Approaching menopause? Get a cholesterol check

Posted on: 21 October 2016 by Gareth Hargreaves

Older women and health professionals are not addressing the link between the menopause and raised cholesterol.

older woman cholesterol

It is a fact that at the onset of menopause, cholesterol levels rise due to the natural decline of the hormone oestrogen within the body.

This increase in cholesterol puts women at greater risk from cardiovascular disease (CVD) and stroke, making them four times more likely to contract heart disease in the 10 years after the menopause, than they were before.

Up until the menopause, oestrogen is a girl’s best friend, protecting against osteoporosis by maintaining bone density, and elevated cholesterol by increasing the good HDL cholesterol within the body, and reducing the bad LDL cholesterol.  But as this hormone declines, so does women’s natural protection, leaving them as susceptible to heart disease as men. 

CVD is predominantly thought of as a male-disease which preys on stressed, overweight, middle-aged men, but it actually kills more women than any other health condition, and is responsible for 57% of all female deaths.  British women are nine times more likely to die of CVD than breast cancer, yet the sad fact is 80% of all cardiovascular disease is preventable with diet and lifestyle changes. 

Cholesterol awareness

Studies endorsed by the World Heart Federation and HeartUK have found that women aged 45-65 surveyed did not associate the menopause with raised cholesterol levels. Their main anxieties were about the symptoms associated with menopause, plus the risk of breast cancer and osteoporosis.  

Get a cholesterol check if you experience:

  • Irregular periods
  • Changes in body fat distribution, from pear shape to apple shape
  • Depressed mood and anxiety
  • Night sweats and hot flushes
  • Decline in Libido
  • Vaginal dryness, painful intercourse, bladder changes
  • Osteoporosis

Of greater concern is the apparent inadequate screening of women by health professionals.  Only 15% of the 150 health care professionals questioned in a survey, commissioned by Flora ProActive, said they rank menopausal women at equal risk of CVD to men, and less than half (46%) say they include a cholesterol check in their most frequent advice to women over 45, compared to 81% who advise self-checks for breast cancer.  Currently, it is not routine for GPs to offer a cholesterol test when women ask for HRT.

Physical menopause symptoms such as night sweats, hot flushes, mood swings and vaginal dryness are indicators of a silent metabolic change taking place within the body.  Women in developed countries can live up to a third of their lives post-menopause, so early prevention is essential for maintaining a long and healthy life.

“The menopause should be a wake up call to think about our long-term health,” Dr Heather Currie, founder and MD of Menopause Matters Ltd and Associate Specialist Gynaecologist and Obstetrician at Dumfries and Galloway Royal Infirmary in Scotland, tells 50connect.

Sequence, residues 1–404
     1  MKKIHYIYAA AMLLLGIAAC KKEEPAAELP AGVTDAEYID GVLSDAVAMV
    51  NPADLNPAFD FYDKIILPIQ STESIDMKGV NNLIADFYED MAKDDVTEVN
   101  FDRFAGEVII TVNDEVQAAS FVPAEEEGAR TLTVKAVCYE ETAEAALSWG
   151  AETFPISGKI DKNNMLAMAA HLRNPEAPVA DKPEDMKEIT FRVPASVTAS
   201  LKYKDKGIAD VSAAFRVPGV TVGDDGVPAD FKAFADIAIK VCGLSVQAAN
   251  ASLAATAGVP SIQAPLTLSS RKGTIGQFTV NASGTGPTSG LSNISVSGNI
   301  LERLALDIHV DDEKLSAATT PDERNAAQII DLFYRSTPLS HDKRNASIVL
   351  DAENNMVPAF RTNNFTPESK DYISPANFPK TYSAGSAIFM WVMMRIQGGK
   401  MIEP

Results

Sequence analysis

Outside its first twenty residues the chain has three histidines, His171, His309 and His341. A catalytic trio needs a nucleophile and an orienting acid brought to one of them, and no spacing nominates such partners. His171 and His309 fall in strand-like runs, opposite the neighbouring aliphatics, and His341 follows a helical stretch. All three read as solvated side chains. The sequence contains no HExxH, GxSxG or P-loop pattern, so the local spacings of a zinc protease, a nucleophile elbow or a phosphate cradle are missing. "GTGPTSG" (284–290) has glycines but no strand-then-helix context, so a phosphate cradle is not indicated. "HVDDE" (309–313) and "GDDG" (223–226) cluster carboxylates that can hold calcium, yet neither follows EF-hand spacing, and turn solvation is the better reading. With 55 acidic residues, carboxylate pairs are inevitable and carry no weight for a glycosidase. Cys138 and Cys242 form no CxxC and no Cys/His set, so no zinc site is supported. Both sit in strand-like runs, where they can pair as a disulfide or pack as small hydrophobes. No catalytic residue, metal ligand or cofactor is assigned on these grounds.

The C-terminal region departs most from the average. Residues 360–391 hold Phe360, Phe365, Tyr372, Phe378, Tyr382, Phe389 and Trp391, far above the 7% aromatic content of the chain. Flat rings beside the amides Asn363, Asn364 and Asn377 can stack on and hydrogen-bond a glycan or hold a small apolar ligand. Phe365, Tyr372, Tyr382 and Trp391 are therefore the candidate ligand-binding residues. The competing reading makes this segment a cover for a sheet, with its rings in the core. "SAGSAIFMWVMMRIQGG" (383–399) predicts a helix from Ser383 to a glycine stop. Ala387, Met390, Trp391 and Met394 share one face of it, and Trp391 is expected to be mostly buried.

‘It’s time to put the cholesterol risk to heart health on the map as heart disease is killing more women than the next five causes of death put together - breast cancer included. It is clear that routine cholesterol checks and better education are paramount in preventing unnecessary deaths from heart disease.”

Take action today

Studies estimate that on average, lowering cholesterol by 10% will reduce the risk of heart disease by 20%, and this is relatively simple with the following diet and lifestyle changes.

  • Stop smoking
  • Avoid trans-fats and triglycerides.  Reduce your intake of saturated fats. 
  • Eat at least 5 portions or fruit and veg a day
  • Eat porridge every morning.  Oats contain beta-gluten which reduces cholesterol by 2-5% when eaten daily.  
  • Do more exercise.  Start swimming, dancing, walking, aerobics, yoga – anything that gets your heart pumping. 
  • Increase your intake of plant sterol-rich foods.

Experts agree that the most effective way to reduce cholesterol is with plant sterols of stanols.  They work by reducing the absorption of bad LDL cholesterol from the intestine, without affecting the good HDL cholesterol. 

Eating 2 – 2.5g a day of plant sterols can lower cholesterol by 10-15% within 2 weeks, when combined with a healthy diet and lifestyle.  Although present in all fruit and vegetables, in order to consume 2g a day, one would need to eat 150 apples or 425 carrots so a fortified food like Flora pro.activ is a simple and effective way to up your intake and reduce bad cholesterol.

Have Your Say

Were you aware of the link between cholesterol and the menopause?  Are you going to get your cholesterol tested?  If so, we want to hear from you.  Share you experiences with others through the comment boxes below.


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